As tech becomes ever more central to the future of society, athletes and sports leaders are becoming engaged. Why does Jets star Enunwa care so much about tech?
The following transcript has been lightly edited and condensed for ease of reading.
David Kirkpatrick: I think many of you are eager to see the wide receiver for the New York Jets. Great to have you, so glad to have you. And my friend, Rudy Cline-Thomas, who is—I was looking at your bio because—founder and managing partner of Mastry, which—but you do so many things. I can’t even keep track of all the things you do. But you help technology companies, you help sports figures, you do investing, and you also run a sports and technology conference every year. So you have sort of become the glue between the sports, especially basketball and football, I think, industry and technology and business. So I’ll let Richard talk more, but eager to hear the discussion. Thank you.
Richard Bradley: Thanks, David. Hey, Rudy, it’s weird, he didn’t say that we were the ones they came to see. [laughter] No, that’s all right, we’ll get over it.
So we’re here to talk about the intersection of sports and investing in technology. And let me start with you, Rudy, because you—as David suggested, you’ve kind of become a mentor in that space for athletes. And that’s not really how you started your career and I wonder if you could just walk us through how you got to that point and why.
Rudy Cline-Thomas: Sure. I started as a sports agent, so I started in 2000 out of Providence College and I was a finance and accounting major and I thought the only way to apply my two passions, which were sports and finance, was to possibly be an agent. I’ve always had the idea of helping athletes become businessmen, you know? I’d always had a penchant for finance and for entrepreneurship and the fact that I didn’t, you know, play professional sports, I always wanted to help these guys.
Bradley: Yeah, so let me pause. You said you’ve always had that idea of helping athletes become businessmen. That’s not—it’s not like wanting to become an astronaut or something. How did you get that? Where did that come from?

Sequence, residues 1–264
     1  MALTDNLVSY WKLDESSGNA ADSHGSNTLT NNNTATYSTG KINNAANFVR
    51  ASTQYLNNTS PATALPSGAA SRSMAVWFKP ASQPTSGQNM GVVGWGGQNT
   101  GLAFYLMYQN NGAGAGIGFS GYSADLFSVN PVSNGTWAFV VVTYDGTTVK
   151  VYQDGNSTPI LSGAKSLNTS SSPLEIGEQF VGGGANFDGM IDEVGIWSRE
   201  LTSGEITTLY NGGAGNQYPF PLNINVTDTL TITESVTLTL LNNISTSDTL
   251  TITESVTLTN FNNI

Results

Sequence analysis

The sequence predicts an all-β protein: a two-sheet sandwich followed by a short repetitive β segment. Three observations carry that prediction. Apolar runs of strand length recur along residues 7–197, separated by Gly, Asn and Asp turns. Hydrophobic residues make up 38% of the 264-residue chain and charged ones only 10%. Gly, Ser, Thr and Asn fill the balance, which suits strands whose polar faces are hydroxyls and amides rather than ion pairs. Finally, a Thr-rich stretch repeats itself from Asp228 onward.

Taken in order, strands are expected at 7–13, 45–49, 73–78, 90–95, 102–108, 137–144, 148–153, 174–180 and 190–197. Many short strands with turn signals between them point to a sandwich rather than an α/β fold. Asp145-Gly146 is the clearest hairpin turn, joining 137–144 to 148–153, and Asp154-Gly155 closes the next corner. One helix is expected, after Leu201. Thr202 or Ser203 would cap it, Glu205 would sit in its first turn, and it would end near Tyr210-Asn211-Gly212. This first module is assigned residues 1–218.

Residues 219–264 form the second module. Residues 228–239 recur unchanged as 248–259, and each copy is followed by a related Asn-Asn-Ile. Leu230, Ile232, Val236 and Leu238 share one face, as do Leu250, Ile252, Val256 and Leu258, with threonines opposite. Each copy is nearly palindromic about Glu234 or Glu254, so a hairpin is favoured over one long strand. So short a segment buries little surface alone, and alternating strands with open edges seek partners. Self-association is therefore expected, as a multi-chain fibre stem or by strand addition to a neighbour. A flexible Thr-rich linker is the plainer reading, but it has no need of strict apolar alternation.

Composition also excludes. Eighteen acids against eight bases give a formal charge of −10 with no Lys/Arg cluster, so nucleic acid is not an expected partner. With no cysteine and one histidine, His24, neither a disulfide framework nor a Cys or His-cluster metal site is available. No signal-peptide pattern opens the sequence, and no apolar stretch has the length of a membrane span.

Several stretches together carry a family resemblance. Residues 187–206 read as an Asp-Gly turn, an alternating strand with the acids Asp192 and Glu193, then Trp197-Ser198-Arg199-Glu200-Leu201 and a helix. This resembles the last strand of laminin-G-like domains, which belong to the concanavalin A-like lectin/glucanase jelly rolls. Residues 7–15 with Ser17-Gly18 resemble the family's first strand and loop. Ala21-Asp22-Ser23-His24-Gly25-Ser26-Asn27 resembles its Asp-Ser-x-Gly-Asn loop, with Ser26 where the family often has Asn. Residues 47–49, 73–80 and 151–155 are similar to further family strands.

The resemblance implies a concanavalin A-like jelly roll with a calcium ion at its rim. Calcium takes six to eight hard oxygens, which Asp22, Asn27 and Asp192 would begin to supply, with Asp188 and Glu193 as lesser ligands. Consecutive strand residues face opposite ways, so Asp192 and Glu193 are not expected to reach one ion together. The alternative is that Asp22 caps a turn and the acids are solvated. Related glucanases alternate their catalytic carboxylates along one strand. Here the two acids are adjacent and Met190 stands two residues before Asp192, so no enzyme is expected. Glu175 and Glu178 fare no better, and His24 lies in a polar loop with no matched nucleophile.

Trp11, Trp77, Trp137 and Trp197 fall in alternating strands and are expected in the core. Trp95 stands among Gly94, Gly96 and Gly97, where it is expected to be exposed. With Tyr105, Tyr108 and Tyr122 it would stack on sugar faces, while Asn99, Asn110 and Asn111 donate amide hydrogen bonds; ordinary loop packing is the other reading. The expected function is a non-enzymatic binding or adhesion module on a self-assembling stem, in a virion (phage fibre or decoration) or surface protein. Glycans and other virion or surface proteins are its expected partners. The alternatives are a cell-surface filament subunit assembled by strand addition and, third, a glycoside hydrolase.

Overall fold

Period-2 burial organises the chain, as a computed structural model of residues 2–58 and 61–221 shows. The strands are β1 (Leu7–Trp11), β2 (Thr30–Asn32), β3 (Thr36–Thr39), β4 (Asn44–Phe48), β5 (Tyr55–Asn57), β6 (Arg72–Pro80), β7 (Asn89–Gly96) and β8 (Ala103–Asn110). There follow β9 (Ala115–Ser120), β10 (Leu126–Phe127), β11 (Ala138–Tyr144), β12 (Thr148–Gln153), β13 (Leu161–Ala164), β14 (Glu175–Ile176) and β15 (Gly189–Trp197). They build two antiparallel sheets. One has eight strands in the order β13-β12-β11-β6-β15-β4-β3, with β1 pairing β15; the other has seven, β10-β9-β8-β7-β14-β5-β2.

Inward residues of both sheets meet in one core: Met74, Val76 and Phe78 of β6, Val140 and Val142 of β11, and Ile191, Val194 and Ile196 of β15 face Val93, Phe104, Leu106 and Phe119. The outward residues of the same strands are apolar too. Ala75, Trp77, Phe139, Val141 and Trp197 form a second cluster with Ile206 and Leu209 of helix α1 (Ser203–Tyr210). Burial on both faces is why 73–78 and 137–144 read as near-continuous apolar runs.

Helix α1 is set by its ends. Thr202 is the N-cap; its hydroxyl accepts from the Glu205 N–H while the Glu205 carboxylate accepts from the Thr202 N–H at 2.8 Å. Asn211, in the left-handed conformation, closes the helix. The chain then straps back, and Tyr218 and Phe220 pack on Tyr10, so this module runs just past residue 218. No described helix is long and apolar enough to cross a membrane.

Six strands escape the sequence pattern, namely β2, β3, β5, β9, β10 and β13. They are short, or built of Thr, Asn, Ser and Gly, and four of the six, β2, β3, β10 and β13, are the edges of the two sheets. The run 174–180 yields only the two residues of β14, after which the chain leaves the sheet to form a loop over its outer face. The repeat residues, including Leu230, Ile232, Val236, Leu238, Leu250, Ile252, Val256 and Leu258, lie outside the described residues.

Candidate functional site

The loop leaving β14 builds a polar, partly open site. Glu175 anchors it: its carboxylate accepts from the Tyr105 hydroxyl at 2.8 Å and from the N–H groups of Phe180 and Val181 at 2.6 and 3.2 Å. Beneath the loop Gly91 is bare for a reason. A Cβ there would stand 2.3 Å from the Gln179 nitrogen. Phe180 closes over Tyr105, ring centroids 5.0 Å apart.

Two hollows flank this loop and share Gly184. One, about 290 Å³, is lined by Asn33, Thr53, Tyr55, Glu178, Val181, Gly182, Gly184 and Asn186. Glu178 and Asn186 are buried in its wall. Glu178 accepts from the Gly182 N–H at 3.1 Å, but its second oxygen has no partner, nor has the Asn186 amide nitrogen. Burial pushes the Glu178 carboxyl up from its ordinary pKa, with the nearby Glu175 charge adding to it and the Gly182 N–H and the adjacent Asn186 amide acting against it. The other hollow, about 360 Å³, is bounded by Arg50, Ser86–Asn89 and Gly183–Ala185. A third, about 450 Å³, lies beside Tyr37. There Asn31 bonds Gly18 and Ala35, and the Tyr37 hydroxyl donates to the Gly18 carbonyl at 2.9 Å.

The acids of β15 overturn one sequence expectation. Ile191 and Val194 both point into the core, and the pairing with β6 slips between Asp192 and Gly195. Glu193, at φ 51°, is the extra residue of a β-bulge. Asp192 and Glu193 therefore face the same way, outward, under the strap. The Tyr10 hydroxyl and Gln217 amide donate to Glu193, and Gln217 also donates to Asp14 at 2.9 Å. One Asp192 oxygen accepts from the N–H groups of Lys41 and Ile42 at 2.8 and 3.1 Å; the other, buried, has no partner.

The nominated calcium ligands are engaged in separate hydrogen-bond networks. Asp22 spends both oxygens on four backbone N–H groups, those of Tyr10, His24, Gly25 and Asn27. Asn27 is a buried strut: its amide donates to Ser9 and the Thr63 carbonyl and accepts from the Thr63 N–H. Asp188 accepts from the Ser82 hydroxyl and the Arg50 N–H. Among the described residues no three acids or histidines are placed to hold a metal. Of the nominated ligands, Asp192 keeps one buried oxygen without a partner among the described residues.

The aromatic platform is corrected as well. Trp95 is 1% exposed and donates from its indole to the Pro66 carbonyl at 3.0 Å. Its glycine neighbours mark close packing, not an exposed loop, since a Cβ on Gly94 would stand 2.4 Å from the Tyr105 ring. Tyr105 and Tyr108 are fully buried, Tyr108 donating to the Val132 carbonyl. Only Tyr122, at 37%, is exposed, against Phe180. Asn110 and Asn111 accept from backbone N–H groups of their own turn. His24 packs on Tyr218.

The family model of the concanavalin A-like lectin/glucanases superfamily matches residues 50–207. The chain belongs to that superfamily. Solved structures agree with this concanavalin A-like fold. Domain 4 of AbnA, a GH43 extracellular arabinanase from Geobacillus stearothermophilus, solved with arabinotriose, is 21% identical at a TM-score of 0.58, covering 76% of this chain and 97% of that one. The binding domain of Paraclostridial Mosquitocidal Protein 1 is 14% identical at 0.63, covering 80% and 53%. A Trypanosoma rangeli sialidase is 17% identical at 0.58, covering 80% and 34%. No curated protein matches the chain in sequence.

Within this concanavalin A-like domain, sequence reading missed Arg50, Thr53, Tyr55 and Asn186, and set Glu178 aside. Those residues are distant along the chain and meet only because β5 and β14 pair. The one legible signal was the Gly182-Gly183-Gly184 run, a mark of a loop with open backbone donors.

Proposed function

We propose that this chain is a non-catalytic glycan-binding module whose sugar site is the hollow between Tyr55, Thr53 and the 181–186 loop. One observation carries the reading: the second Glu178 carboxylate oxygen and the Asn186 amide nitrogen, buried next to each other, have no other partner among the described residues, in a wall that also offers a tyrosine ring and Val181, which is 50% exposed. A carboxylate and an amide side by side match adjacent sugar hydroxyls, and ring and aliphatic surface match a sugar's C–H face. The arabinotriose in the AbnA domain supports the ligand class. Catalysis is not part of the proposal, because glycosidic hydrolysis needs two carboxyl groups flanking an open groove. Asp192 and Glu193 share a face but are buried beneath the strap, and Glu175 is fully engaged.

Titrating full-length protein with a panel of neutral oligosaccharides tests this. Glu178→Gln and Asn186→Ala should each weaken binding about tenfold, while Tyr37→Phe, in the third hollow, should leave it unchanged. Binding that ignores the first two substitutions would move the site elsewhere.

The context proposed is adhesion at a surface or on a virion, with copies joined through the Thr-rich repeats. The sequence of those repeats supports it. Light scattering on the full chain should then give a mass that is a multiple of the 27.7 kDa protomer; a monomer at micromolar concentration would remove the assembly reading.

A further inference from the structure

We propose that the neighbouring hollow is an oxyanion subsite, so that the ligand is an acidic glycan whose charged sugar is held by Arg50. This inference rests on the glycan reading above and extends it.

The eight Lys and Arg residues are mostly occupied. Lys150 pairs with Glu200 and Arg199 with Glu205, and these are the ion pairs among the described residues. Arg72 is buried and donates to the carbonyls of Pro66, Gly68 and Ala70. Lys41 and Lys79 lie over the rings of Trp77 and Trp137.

Cline: I think I always realized the power that the athletes had that they weren’t really exercising, so I realized that at a very young age. And again, I thought the only way to do that was as a sports agent and I realized very quickly that I was being a babysitter more so than applying what I’d learned in school so I quickly pivoted after a couple years to being a wealth planner and did that for ten years before getting into tech.
Bradley: And then from a wealth planner to a kind of a more of an investor being part of your identity.
Bradley: I mean, you’ve invested in Allbirds, and Uber and LimeBike and Casper and a whole bunch of things. Talk about that transition from wealth manager to investor.
Cline: So around 2007, we realized—my partners and I realized that most of our returns were coming from tech companies and I just had a penchant to say, “You know what, we need to get in here a little bit earlier.” So I literally just started going out to San Francisco on my own to as many conferences as possible and started making relationships with the right VCs, and luckily enough, I met Josh Kopelman in 2008. He was in Philadelphia at the same time and he taught me the entire business and was—my rolodex started from that standpoint on.
Bradley: So Quincy, I want to hear a little bit about your side of the story. So I automatically liked Quincy when we met outside because I confessed to him that I’m a lifelong Giants fan and he forgave me for that, so—but I’m coming over. He’s winning me over. I know you’re from California originally, you went to Nebraska. You had the longest pass completion, 99 yards, right? That’s a record there.
Cline: I didn’t even realize you were that fast.
Bradley: And the offensive player of the year your senior year. And then you got drafted sixth (round). And that’s, you know, not a terrible draft, but it’s not like number one. But you’ve really, like, made yourself an important part of the team. Like talk a little about that and then how you kind of came to work with Rudy and that journey.
Quincy Enunwa: Yeah, so I’d say, I guess being the son of immigrants, I’ve always—that kind of hard work and passion has always been kind of instilled in me.
Bradley: Where are your parents from?
Enunwa: Nigeria. My mom actually came about a month and a half before I was born. I don’t know if you’re really supposed to do that, but [LAUGHTER] she was determined.
Bradley: I think you’re not, actually.
Enunwa: But, yeah, I think, you know, just always, you know, having that hard work put in me, it kind of just made me fight that much harder than everybody else. Being a sixth round draft pick, you see guys that get cut all the time. It’s a cutthroat business, you know. The guys that were drafted with me—I got drafted with 12 guys and I’m the only one left now, you know, six years later. So it’s really tough out there and I think that kind of has made me become who I am today. And so it’s always made me kind of want to do more, become more, be a better person. So starting about two years ago, I actually was injured and I was out for the whole year. I had neck surgery.
Bradley: That must have been pretty scary.
Enunwa: Yeah, very scary. And so for me it was like, okay, well, I’ve kind of planned my whole life around being a football player but now football can actually be done, you know. I could not be a football player anymore. So my next thing was like, okay, who am I as a person? What can I do? Who can I meet? You know, I’m in New York, I’m in a great area, and so I started off by doing an internship. I spent three weeks in San Francisco, did an internship with StubHub. And I learned a lot about myself.